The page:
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Winter 2009

Once upon a time ‘Iolani teachers were not teachers just yet. They were children and teenagers like the ones they now instruct. Find out which childhood books inspired our teachers.
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Winter 2009 - Feature

Students Unleash Creativity & Offer Hope to Darfur refugees

Art class is more than just painting pretty pictures. Many times, there are meaning and message behind the work.
Last October, ‘Iolani students donned aprons and wielded paint brushes to transform a blank tent into a message of hope covered with rainbow hues, palm trees and aloha. The students were giving and receiving at the same time: Giving their energy and optimism to people a world away and receiving a valuable lesson.   

Teacher Cheri Keefer and her sixth grade students begin painting the tent which was displayed at the National Mall in Washington, D.C. in November.

It was all part of the Tents of Hope national project which transformed refugee tents into unique works of art that expressed compassion and desire for peace for Darfur, Sudan.

Eunice Chang ’10, center, works with Lower School students.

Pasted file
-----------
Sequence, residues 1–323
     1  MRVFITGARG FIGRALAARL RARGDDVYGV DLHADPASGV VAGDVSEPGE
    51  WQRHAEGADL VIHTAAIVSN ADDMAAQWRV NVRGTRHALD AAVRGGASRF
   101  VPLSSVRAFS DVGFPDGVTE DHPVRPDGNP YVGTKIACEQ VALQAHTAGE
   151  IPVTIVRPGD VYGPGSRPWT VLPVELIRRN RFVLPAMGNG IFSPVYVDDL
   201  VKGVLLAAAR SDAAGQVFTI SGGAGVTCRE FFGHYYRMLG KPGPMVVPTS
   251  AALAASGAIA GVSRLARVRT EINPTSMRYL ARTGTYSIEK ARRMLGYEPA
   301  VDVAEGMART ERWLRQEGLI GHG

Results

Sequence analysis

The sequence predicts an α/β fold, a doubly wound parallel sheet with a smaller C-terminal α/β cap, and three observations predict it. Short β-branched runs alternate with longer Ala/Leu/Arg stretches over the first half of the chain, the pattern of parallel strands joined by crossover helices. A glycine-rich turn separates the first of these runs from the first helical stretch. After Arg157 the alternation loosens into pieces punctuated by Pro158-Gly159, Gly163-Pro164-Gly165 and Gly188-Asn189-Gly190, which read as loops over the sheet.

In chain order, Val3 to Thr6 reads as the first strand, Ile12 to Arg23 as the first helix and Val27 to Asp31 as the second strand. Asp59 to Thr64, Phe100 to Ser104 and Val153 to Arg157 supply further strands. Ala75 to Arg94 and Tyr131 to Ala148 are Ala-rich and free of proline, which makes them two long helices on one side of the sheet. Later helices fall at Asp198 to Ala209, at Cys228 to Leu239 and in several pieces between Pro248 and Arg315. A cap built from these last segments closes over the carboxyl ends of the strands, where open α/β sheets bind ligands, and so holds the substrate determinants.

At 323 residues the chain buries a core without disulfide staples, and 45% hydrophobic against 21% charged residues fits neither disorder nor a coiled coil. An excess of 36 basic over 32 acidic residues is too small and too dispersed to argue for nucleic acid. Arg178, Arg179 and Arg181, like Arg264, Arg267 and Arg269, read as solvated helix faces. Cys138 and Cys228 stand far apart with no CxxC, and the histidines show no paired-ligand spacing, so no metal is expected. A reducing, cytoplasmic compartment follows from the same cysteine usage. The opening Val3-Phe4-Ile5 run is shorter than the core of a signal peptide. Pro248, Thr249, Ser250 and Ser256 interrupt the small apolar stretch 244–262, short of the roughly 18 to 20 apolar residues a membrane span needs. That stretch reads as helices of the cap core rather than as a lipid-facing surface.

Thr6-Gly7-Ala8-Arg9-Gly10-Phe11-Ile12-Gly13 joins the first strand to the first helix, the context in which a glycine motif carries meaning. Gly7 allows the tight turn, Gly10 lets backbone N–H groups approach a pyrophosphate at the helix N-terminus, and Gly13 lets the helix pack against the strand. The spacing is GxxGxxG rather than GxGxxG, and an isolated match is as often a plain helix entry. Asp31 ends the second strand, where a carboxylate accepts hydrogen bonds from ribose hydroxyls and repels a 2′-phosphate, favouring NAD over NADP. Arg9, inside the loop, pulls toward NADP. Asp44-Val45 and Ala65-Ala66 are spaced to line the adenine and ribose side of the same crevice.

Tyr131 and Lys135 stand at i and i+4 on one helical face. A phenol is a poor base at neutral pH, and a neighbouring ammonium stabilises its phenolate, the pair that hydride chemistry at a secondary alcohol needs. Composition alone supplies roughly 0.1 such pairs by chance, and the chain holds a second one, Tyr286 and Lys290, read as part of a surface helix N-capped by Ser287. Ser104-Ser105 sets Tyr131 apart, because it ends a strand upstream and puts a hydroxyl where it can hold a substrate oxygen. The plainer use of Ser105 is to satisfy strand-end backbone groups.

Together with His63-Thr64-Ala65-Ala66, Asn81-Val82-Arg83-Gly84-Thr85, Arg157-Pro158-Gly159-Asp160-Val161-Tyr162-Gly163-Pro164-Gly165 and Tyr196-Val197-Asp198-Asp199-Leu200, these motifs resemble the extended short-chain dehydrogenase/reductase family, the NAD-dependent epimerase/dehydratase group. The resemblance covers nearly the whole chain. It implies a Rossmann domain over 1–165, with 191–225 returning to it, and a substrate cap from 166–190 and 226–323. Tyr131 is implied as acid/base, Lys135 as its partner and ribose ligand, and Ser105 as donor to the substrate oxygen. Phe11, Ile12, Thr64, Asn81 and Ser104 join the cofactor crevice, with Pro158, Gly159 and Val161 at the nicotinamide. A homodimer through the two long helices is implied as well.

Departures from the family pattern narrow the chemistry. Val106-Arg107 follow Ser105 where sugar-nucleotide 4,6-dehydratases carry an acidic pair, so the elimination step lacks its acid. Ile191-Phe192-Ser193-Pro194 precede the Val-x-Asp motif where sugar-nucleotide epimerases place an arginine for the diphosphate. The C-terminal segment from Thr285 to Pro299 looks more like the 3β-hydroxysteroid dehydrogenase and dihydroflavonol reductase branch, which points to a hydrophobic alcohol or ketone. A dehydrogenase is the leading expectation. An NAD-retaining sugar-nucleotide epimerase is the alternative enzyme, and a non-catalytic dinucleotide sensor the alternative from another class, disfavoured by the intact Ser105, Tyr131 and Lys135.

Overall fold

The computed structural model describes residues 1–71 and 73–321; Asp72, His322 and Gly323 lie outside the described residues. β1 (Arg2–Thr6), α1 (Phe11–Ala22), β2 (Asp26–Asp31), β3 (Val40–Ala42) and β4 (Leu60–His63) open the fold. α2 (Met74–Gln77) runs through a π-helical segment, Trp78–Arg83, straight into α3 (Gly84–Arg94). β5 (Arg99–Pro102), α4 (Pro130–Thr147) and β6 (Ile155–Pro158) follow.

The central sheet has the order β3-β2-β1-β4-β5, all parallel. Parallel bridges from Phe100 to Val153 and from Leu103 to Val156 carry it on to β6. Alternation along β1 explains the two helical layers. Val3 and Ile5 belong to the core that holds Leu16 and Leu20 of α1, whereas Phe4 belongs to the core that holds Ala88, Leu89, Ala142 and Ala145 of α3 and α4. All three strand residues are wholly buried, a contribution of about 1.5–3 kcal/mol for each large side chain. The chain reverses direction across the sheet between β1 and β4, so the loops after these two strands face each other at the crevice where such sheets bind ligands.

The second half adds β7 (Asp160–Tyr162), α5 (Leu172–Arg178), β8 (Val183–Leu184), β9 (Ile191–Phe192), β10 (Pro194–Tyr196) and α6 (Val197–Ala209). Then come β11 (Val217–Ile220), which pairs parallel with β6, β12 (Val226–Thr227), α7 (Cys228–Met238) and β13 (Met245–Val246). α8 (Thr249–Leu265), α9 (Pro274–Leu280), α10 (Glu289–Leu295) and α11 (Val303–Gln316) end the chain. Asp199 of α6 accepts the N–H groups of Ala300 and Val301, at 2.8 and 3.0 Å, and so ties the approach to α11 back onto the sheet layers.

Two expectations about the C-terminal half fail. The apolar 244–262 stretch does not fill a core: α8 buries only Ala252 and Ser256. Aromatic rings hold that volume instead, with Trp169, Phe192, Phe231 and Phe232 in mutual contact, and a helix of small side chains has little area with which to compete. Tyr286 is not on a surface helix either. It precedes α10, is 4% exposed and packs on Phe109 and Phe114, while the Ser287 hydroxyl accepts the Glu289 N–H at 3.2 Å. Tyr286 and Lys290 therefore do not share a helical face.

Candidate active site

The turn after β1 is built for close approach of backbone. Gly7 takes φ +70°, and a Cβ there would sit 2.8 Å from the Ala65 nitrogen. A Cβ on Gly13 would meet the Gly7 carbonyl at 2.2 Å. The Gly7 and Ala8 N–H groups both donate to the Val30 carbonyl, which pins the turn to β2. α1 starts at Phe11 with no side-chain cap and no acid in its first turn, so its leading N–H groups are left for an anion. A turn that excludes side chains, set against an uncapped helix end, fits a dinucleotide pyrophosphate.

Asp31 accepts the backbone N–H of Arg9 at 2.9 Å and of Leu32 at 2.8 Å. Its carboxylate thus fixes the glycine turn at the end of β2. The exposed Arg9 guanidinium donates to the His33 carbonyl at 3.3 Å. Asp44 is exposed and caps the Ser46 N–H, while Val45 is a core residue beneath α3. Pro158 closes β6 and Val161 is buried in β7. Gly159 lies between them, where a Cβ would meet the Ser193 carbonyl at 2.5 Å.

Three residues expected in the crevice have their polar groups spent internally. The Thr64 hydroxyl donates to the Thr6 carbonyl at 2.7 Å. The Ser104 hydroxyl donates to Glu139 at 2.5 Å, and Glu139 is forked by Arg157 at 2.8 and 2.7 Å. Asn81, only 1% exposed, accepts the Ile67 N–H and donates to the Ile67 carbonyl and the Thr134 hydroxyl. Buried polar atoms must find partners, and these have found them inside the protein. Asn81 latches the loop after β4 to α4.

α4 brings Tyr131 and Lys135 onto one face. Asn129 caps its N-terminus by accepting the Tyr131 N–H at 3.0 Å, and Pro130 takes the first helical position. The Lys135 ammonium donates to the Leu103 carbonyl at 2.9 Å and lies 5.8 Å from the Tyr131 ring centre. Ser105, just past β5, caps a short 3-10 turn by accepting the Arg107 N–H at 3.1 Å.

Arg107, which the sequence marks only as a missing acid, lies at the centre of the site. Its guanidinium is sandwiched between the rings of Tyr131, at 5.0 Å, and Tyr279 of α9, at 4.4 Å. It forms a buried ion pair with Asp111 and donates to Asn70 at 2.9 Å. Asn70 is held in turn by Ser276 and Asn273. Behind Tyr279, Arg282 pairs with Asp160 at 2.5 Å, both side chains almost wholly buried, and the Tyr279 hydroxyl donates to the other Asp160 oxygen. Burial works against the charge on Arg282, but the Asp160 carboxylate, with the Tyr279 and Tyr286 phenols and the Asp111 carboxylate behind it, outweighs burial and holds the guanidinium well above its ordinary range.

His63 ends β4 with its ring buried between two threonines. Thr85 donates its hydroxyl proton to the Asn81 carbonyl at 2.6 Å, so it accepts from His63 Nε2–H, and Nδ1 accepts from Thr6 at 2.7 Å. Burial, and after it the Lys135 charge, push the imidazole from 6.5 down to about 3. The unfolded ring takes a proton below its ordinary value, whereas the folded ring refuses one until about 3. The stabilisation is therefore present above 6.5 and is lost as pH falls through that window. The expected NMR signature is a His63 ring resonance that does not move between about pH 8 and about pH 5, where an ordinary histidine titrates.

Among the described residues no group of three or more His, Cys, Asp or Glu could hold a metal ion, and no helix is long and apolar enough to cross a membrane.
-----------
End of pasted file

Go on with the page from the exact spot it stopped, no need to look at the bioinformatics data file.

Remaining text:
Under the direction of art teacher Cheri Keefer, ‘Iolani worked in conjunction with Humanity United, a philanthropic organization committed to ending modern day slavery and mass atrocities.  The community service project continued the work done last year by the school’s Contemporary Issues class, which raised more than $4,500 for the Dollars for Darfur National School Challenge. Contemporary Issues students, under teacher Lisa Ritts, last held a concert and designed t-shirts to sell as fundraisers. An anonymous donor then matched the amount. 
For Tents of Hope, students from kindergarten to twelfth grade painted the tent’s interior and exterior in vibrant tropical scenes. Keefer explained to students that tents, such as the one they were painting, serve as the only shelter refugees have in the desolate living conditions of Darfur. 

Following the National Mall display, all of the Tents of Hope were sent to Darfur.
The tent was then sent to Washington, D.C., where it was joined by tents painted by students from across the country.

The tents were on display from November 7 to 9 at the National Mall as part of a year-long community awareness project and to serve as a pathway to ending the genocide in Darfur. The Darfur Peace Development Organization eventually sent the tents, along with new ones, to Sudan.
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